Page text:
“Thank you, Miss Solms,” Mr. Quayle said wearily. This was obviously a job that he had to do, and he wanted to get it over as quickly as possible. “Did you notice anything that might help us, Miss Barr?”

59 Vicki couldn’t erase the picture of the sick, tired old violinist out of her mind. It might all be silly, she told herself. But then again ...

She told the story exactly as it had happened. From the time he had boarded the airplane, bewildered, hungry, almost starved, until he had gotten off and she had found the folded travel brochure on his seat.

“But what makes you think this old musician had anything to do with the theft of the gold coins, Miss Barr?” Mr. Quayle asked, obviously impatient.

“Nothing makes me think so, Mr. Quayle,” Vicki answered. “You asked me if anything unusual had happened on the flight. Mr. Tytell was unusual, and I thought I had better tell you about him.”

“Quite right! Quite right!” John Quayle said, nodding his head and fumbling with a file of papers on the desk in front of him. “At the moment I can’t see how the incident could have any bearing on our investigation, but I’ll keep it in mind.”

Captain March spoke up. “May I ask a question, sir?”

The FBI man looked up curiously. “Certainly. Of course!”

“What security precautions were taken here last night, between the time we landed the crate of coins and the time they were picked up this morning?”

60 “That’s a fair question,” Mr. Quayle said. “And since you were the crew that flew it down, I see no reason why you shouldn’t know. As I have told you, Mr. Jones, the private detective who flew down with you, stayed in the warehouse with the shipment all night. So did the foreman of the warehouse crew—a Mr. Van Lasher. He’s an old and trusted employee and I believe he’s been with Federal for quite some time. In any case, the coin shipment was moved into a small room within the warehouse where valuable cargo is often kept under lock and key. No flights were due in that night, and no night crew was on duty; so Jones and Lasher stayed with the shipment until the morning work crews reported, keeping awake with coffee and cigarettes. It was a lonely watch and pretty dull. Lasher admitted that he had dozed off lightly once or twice. And then Jones sheepishly admitted that he might have done the same thing. But they were both on guard all night, and one or the other was awake and alert at all times.”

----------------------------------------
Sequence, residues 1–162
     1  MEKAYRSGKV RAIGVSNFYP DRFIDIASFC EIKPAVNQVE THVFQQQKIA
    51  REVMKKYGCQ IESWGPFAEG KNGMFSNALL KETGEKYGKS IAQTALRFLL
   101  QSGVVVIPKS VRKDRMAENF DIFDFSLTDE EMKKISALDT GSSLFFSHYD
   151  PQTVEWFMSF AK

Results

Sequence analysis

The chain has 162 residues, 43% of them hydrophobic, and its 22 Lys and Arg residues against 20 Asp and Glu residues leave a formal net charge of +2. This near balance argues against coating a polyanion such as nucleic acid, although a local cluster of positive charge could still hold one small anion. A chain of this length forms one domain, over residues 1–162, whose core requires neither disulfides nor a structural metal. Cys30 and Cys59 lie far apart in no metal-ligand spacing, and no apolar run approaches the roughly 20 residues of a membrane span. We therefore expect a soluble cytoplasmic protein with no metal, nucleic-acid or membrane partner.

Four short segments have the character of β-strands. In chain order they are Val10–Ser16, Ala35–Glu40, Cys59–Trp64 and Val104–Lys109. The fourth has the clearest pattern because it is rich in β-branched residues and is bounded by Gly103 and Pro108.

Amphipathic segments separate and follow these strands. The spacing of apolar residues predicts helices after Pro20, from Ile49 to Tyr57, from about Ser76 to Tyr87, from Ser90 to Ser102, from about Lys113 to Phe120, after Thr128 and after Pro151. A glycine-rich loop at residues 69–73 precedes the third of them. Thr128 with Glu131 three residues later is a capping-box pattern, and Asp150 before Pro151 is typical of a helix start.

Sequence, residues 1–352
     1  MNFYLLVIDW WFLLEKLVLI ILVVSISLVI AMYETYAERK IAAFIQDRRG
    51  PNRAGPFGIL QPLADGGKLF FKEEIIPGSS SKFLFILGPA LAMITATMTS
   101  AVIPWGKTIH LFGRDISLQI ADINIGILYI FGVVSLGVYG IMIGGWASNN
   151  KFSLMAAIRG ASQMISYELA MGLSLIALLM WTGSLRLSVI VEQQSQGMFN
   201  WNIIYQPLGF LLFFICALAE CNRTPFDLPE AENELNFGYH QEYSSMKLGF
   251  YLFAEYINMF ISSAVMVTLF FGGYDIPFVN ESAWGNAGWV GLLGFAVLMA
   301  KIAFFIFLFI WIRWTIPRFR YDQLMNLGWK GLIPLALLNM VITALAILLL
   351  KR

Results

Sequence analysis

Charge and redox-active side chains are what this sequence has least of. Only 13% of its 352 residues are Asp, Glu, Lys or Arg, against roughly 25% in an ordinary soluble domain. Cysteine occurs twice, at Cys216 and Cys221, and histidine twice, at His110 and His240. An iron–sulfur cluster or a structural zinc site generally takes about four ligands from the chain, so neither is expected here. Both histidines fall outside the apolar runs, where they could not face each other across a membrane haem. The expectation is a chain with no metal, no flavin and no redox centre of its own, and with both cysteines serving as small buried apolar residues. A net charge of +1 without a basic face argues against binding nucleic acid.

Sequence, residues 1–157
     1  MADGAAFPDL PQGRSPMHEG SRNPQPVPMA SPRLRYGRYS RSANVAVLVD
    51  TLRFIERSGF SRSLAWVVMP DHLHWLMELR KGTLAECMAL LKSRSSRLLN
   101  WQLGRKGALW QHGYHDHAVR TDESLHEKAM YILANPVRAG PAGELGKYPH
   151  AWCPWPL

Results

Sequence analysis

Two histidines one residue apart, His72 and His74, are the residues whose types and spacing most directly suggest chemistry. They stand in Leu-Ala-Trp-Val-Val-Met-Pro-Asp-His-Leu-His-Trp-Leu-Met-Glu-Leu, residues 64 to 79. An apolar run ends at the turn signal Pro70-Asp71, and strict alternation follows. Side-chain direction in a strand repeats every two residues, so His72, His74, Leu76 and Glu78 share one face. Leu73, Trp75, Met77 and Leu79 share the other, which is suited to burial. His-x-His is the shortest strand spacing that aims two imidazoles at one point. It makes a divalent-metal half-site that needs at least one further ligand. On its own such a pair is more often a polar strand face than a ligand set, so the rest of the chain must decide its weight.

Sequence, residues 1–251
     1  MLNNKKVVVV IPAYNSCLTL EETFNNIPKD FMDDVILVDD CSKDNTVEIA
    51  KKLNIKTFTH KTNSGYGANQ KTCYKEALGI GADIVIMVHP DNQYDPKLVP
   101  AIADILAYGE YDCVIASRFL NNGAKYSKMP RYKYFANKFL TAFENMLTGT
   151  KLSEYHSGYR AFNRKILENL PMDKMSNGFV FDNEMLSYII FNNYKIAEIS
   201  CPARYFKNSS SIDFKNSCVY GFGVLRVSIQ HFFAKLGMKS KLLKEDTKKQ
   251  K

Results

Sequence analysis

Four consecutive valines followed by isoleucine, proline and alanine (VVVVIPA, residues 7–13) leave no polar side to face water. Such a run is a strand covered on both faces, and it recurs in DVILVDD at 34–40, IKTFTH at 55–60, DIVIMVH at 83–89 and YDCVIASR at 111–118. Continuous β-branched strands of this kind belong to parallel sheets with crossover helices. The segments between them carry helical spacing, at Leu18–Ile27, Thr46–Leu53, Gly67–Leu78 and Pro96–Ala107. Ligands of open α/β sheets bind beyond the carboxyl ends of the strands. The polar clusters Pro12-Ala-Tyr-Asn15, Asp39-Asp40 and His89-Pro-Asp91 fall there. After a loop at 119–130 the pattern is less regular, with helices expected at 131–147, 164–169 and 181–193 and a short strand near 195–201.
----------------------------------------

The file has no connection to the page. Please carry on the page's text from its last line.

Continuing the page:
“And nothing happened?”

“Only one thing. Shortly before midnight, Lasher had gone to an all-night lunch counter to refill the coffee jug, and Jones was in the warehouse by himself. The warehouse was dark, lighted only by a few scattered light bulbs.”

“Then the warehouse wasn’t locked?” Captain March asked.

“Oh, yes, the warehouse is always locked, unless61 a night crew is working. The only people who had keys were the foreman, Van Lasher, and the night watchman. The watchman made his regular rounds that night, but he saw nothing unusual.

“Well, as I said, Jones was by himself when he heard a sound, as though someone had stumbled into a pile of packages or crates that were stacked on the warehouse floor. He jumped to his feet and shouted, whereupon the intruder dashed across the warehouse and out the door that leads to the loading ramp. Lasher had left the door unlocked when he went to get the coffee. Jones could hear feet pounding over the concrete floor and tried to catch the intruder in the beam of his flashlight. Just as the man dashed out the door, he seemed to drop something.”

Mr. Quayle paused a moment, and Johnny Baker said, “Then you do have a suspect?”

“No,” Quayle said thoughtfully, “I’m not sure that we do. When Lasher returned with the coffee, he turned on the lights and the two of them looked around. What the prowler had dropped was a flashlight. From the name inked on a piece of adhesive wrapped around the handle, Lasher recognized it as belonging to a young fellow who worked in the warehouse day crew, a lad named Joey Watson.”

Vicki drew in her breath sharply, then quickly covered up her inadvertent expression of surprise62 by putting her fingers to her lips and coughing lightly. She looked quickly at Cathy and Captain March, remembering that she had casually mentioned Joey’s name to them the other day. But both the pilot and the stewardess seemed to have forgotten all about it.

Mr. Quayle continued. “When the crate was opened at the Royal Palms Hall about nine this morning and the theft discovered, the police immediately called me in on the case, since the interstate aspect of the affair put it under Federal jurisdiction. I immediately began questioning the ground crew and warehouse personnel. Young Watson was at work as usual and I questioned him along with the others. He admitted that the flashlight belongs to him; said he kept it in his locker in the warehouse. But he denied being around the airport at all after he knocked off work for the day. He claimed that he and a pal of his had gone to a movie last evening and then straight home to their boardinghouse. One of my men is checking his story as a matter of routine.”